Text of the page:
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Vascular Endothelial Growth Factor (anti-VEGF) medicines administered intra-ocularly

1 May 2013

College Statement

This statement refers only to injections of anti –Vascular Endothelial Growth Factor (anti-VEGF) medicines administered intra-ocularly directly through the conjunctiva and sclera using a sharp needle.

This statement is the current College position and supersedes older statements on intraocular injections in the ARMD Guidelines for Management (2009) and Maximising Capacity in AMD Services (2009). These documents will be updated in due course.

Background

Anti-VEGF agents are given for a variety of previously untreatable eye conditions and the indications for their use are increasing. Their use in Age Related Macular Degeneration (ARMD) and in some diabetics with macular oedema is approved by NICE. Most patients require multiple injections. This has resulted in many eye departments administering thousands of injections per annum. To cope with this massive increase in workload, Trusts have appointed more medical retina specialists. The College has published two guidelines an ARMD including one that suggests strategies for  streamlining services (ARMD Guidelines for Management, and Maximising Capacity in AMD Services).

As a treatment evolves from being at the “cutting edge” of practice to the mainstream of practice, it becomes an increasing challenge to ensure that it can be made available in a timely fashion to all those who need it, and the process of meeting this challenge often includes the training of non-medical personnel to undertake tasks that have previously only been undertaken by doctors. There are precedents for this in many areas of health care.

This document outlines the College views on whether intravitreal injections of anti-VEGF agents should be given by appropriately trained HCPs.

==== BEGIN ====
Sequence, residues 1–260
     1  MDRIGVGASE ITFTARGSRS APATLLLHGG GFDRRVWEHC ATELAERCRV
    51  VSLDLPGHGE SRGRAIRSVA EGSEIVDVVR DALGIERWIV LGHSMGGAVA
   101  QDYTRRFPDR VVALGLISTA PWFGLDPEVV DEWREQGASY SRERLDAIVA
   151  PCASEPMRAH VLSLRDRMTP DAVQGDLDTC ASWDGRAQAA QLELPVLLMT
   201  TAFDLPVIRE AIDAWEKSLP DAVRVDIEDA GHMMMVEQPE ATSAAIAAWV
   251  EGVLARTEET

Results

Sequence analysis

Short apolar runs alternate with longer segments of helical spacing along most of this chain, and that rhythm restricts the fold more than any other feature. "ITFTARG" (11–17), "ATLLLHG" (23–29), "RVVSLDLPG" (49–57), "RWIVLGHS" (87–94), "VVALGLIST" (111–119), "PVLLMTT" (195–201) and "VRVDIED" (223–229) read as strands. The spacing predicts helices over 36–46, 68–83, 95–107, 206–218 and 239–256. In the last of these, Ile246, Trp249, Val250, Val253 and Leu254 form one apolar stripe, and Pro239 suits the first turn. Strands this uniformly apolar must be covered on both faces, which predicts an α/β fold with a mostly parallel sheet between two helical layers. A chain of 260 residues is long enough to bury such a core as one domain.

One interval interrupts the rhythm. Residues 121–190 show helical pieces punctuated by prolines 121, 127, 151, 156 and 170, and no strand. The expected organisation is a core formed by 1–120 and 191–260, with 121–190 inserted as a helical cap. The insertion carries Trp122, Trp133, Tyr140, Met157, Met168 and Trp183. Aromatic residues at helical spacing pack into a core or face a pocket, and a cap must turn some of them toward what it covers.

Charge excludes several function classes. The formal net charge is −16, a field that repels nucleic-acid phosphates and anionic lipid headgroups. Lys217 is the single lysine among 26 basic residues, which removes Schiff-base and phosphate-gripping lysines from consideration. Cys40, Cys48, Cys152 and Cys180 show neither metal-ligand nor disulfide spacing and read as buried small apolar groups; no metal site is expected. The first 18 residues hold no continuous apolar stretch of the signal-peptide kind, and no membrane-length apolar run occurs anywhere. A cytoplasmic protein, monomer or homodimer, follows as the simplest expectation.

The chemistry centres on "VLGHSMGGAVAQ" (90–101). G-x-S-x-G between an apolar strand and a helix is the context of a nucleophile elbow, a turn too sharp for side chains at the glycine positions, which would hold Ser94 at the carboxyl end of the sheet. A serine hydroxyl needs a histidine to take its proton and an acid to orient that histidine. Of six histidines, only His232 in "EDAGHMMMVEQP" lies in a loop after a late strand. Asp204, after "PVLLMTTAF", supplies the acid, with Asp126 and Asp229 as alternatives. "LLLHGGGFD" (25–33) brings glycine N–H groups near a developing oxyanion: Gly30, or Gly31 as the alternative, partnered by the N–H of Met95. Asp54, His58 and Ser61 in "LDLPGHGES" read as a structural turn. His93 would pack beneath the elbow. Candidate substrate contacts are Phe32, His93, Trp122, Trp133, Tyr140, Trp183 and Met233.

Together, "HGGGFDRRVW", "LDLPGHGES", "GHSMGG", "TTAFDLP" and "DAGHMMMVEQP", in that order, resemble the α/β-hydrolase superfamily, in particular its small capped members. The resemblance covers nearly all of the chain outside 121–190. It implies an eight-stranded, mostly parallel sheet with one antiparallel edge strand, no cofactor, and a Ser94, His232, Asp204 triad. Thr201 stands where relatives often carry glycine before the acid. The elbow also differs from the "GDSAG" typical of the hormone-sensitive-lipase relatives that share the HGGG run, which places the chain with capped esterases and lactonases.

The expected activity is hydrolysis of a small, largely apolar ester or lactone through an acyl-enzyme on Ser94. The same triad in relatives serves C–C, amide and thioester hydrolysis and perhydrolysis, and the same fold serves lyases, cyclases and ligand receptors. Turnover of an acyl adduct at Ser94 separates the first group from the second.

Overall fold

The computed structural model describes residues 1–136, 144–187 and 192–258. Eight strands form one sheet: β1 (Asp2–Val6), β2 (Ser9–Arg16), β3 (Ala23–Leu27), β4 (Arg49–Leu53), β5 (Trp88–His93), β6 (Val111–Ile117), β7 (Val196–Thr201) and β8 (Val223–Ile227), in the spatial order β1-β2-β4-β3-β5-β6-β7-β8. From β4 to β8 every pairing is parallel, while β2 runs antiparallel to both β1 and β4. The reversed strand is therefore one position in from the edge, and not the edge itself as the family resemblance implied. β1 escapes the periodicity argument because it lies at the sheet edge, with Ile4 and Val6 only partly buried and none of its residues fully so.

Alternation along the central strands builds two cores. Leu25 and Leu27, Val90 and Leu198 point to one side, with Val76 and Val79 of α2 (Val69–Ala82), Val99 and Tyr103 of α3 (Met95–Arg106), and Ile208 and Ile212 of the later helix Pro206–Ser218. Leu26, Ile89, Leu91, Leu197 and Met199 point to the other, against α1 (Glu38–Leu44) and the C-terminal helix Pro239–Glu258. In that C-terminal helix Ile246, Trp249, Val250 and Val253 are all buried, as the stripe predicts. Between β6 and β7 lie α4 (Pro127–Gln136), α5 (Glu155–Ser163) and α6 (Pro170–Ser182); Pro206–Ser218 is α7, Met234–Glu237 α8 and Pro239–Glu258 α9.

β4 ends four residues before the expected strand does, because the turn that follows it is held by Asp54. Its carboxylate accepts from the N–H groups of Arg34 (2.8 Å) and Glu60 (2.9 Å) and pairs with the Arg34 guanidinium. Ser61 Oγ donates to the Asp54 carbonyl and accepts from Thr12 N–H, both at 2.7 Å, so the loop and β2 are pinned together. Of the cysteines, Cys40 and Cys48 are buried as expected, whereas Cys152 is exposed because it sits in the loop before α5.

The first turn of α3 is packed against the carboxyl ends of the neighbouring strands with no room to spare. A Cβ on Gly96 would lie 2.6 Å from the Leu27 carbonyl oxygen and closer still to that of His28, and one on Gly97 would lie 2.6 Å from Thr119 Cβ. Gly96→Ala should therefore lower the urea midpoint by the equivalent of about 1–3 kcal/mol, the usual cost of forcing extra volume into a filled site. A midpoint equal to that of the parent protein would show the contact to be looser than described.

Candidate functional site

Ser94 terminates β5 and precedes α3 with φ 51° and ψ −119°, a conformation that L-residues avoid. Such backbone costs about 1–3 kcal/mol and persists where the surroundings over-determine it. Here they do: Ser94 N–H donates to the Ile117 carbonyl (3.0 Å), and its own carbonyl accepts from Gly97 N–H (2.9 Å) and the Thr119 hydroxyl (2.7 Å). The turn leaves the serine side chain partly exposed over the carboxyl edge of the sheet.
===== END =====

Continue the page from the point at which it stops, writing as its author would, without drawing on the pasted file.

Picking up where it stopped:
College Guidance

The College appreciates that, for many patients, the administration of anti-VEGF agents by intra-ocular injection is far from trivial. The condition for which it is given is extremely worrying as the eyesight is under threat. The procedure itself, though almost painless and short, can be emotive. The College view is that, where circumstances and facilities allow, the injection should be given by a specialist doctor trained in the procedure.

However, the College is aware of the enormous pressure that eye departments are under to deliver this treatment to thousands of new and follow-up patients. The College is also aware that non-medical HCPs are already being used in some parts of the UK to administer intra-ocular injections of anti VEGF agents and that this has been shown in those areas, by those persons, to be safe. The College therefore considers that it is reasonable for non-medical HCPs to administer anti-VEGF agents so long as the following stipulations are met:

  • The patient remains under the care of a named consultant ophthalmic surgeon at all times
  • The HCP is fully trained in the rationale for the treatment, its effects, and possible complications both intra operative and post-operative
  • The HCP is fully trained in the technique of injection by an ophthalmic specialist doctor.
  • The HCP giving the injection has immediate access to advice from an ophthalmic specialist doctor at all times whilst giving injections and that an ophthalmic specialist doctor is immediately available to manage any complications
  • There is a continuous audit of the injection service provided by HCPs). There should also be regular patient feedback. Further training must be available to the HCP if required
  • The hospital Trust management is fully aware of, and supports the initiative, and all personnel are covered by appropriate indemnity
  • Consent. GMC Guidance must be followed. This, including guidance on delegation of consent, and can be found at http://www.gmcuk.org/guidance/ethical_guidance/consent_guidance_index.asp  (accessed 13 March 2013)
  • The training of ophthalmic doctors in the giving of intra-ocular injections is essential. It must not be compromised by the injection service provided by HCPs.

Mr Graham Kirkby FRCOphth

Vice President

Chairman of the Professional Standards Committee April 2013